Put on your seatbelts, here we goJune 23, 2015 9:00
Who are the potential players in Egyptian reform?
As a popular uprising against the rule of Egyptian President Hosni Mubarak shows no sign of letting up, the question is which people or groups could take a stake in power?
February 1, 2011 10:19 by Reuters
The secretary general of the Arab League was a popular foreign minister under Mubarak, celebrated by singers for his populist pro-Palestinian rhetoric during years of Arab-Israeli peacemaking. His move to the Arab League, a conservative organisation that backs existing Arab rulers, has tarnished his image somewhat but he has been cited in the past by many Egyptians as someone they would support as president. He has been vocal since the protests began, saying on Sunday he wanted to see multi-party democracy in Egypt.
Egyptian winner of the Nobel Prize for Chemistry in 1999, Zewail said last year he had no political ambitions. However, newspapers said on Monday he would return on Tuesday to continue work in a committee for constitutional reform including Ayman Nour and prominent lawyers. Al-Shorouk newspaper published a “letter to the Egyptian people” in which he proposed a “council of wise men” to write a new constitution.
A popular Arab nationalist politician who leads the Karama party that has never achieved formal licencing from the government. Elected to parliament in 2005, Sabahi considered running in the presidential elections that year after Mubarak introduced amendments under pressure from Washington but later changed his mind. He was expected to attempt a bid for the presidency this year.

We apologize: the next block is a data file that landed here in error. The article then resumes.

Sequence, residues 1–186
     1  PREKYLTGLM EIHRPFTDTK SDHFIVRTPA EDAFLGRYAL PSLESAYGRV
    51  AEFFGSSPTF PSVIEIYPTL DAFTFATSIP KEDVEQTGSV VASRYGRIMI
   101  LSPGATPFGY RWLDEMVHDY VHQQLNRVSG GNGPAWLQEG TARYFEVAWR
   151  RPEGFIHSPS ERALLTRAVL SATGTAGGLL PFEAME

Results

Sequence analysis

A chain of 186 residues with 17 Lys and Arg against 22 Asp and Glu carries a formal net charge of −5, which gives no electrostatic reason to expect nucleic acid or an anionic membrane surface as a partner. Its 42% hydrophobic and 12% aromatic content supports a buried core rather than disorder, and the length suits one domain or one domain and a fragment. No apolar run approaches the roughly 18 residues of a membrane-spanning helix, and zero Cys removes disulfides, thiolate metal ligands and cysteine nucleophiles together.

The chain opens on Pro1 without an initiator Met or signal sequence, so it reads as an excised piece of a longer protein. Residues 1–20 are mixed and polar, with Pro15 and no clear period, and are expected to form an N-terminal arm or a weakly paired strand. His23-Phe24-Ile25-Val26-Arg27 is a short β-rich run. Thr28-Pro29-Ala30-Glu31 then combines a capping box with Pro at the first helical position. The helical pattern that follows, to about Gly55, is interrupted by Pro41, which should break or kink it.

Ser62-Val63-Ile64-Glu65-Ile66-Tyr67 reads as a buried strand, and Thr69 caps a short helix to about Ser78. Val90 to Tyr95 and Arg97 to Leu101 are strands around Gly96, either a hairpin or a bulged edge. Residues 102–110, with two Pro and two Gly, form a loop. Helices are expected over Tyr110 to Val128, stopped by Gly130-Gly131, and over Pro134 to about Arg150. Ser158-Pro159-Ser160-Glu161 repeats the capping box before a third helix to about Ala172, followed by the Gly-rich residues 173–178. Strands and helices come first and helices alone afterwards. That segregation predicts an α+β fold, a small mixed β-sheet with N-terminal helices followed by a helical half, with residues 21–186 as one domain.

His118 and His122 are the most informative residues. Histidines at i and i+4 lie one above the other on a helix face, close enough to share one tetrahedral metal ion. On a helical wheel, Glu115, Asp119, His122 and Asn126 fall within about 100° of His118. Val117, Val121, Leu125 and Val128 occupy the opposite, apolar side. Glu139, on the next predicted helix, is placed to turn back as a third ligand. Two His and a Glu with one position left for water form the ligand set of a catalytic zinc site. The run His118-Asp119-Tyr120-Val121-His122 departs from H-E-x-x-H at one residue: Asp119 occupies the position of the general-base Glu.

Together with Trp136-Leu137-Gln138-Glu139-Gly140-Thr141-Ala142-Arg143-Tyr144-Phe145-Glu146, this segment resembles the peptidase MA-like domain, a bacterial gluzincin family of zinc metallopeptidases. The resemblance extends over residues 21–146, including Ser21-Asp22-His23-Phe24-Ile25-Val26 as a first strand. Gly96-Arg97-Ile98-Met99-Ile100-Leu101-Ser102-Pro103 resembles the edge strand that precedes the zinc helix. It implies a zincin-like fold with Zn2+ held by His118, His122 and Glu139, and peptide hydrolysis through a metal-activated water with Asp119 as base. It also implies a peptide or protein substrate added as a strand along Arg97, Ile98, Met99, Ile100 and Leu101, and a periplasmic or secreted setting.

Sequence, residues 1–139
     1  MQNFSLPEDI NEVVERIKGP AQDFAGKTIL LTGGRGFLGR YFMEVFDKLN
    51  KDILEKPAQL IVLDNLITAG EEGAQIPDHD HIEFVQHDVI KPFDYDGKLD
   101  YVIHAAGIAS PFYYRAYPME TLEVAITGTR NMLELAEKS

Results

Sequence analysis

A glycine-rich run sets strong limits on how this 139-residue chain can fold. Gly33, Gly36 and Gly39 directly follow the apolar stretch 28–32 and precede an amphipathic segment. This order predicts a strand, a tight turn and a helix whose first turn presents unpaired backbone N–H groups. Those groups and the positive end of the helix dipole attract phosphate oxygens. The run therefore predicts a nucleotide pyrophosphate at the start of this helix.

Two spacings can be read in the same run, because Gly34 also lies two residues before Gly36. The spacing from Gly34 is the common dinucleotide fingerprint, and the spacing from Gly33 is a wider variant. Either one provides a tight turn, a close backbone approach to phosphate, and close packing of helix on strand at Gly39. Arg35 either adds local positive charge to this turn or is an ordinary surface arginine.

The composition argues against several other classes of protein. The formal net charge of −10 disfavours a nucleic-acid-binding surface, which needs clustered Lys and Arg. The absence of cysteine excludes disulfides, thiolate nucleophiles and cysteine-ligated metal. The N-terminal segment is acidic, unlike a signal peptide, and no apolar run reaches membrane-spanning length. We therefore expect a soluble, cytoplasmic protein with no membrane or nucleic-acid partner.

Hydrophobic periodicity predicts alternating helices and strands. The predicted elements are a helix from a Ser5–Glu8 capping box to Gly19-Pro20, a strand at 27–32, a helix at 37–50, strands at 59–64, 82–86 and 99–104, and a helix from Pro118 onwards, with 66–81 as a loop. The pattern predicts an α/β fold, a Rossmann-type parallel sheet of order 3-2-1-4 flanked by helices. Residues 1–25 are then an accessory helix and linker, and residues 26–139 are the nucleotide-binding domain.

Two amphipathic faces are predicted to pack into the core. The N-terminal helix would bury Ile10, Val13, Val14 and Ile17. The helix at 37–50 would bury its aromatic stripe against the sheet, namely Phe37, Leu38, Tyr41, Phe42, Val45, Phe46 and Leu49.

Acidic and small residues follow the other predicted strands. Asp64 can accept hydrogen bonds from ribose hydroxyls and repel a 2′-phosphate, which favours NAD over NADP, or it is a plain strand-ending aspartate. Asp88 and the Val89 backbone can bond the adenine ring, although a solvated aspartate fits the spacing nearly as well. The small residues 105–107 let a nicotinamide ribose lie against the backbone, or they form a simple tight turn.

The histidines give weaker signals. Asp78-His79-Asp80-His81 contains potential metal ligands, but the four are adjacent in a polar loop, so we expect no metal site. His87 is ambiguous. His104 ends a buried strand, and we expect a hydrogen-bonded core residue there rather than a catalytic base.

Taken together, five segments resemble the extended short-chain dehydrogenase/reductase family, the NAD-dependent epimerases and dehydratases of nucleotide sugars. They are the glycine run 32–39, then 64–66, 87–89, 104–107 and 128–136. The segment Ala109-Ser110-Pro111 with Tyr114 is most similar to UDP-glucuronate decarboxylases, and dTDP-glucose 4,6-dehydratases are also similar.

Respected trade union leader George Ishak founded the Kefaya movement in 2004 that galvanised protests against Mubarak’s rule in 2005 around the idea of rejecting his son Gamal as a future president. The movement, which appealed to middle class professionals, subsequently lost its momentum amid internal dissent but when protests began last week Kefaya appeared to play a role in mobilising them.
The Wafd party, with its roots before the 1952 military coup, has traditionally been the bastion of liberal democrats in Egypt. But it is seen as having been coopted by Mubarak’s government in recent years. The leftist Tagammu has played a similar role. Magdy Hussein, leader of the Islamist Labour party, is a popular opposition figure who has frequently been in and out jail.
(Writing by Andrew Hammond; Editing by Samia Nakhoul)
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